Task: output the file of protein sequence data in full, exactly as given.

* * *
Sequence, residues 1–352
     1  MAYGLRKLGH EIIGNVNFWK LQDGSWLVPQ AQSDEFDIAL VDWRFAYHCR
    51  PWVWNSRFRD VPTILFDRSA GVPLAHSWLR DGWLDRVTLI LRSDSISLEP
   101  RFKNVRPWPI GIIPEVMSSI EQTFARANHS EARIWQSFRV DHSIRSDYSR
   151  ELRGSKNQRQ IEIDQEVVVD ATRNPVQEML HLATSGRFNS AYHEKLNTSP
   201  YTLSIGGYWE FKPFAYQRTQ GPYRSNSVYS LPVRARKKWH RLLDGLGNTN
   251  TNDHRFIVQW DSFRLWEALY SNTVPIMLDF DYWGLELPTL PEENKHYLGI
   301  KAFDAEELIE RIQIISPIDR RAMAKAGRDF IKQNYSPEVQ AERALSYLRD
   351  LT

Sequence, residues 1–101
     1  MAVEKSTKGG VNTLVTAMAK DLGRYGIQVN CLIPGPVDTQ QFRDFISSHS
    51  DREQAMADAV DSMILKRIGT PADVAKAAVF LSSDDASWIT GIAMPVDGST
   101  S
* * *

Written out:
Sequence, residues 1–352
     1  MAYGLRKLGH EIIGNVNFWK LQDGSWLVPQ AQSDEFDIAL VDWRFAYHCR
    51  PWVWNSRFRD VPTILFDRSA GVPLAHSWLR DGWLDRVTLI LRSDSISLEP
   101  RFKNVRPWPI GIIPEVMSSI EQTFARANHS EARIWQSFRV DHSIRSDYSR
   151  ELRGSKNQRQ IEIDQEVVVD ATRNPVQEML HLATSGRFNS AYHEKLNTSP
   201  YTLSIGGYWE FKPFAYQRTQ GPYRSNSVYS LPVRARKKWH RLLDGLGNTN
   251  TNDHRFIVQW DSFRLWEALY SNTVPIMLDF DYWGLELPTL PEENKHYLGI
   301  KAFDAEELIE RIQIISPIDR RAMAKAGRDF IKQNYSPEVQ AERALSYLRD
   351  LT

Sequence, residues 1–101
     1  MAVEKSTKGG VNTLVTAMAK DLGRYGIQVN CLIPGPVDTQ QFRDFISSHS
    51  DREQAMADAV DSMILKRIGT PADVAKAAVF LSSDDASWIT GIAMPVDGST
   101  S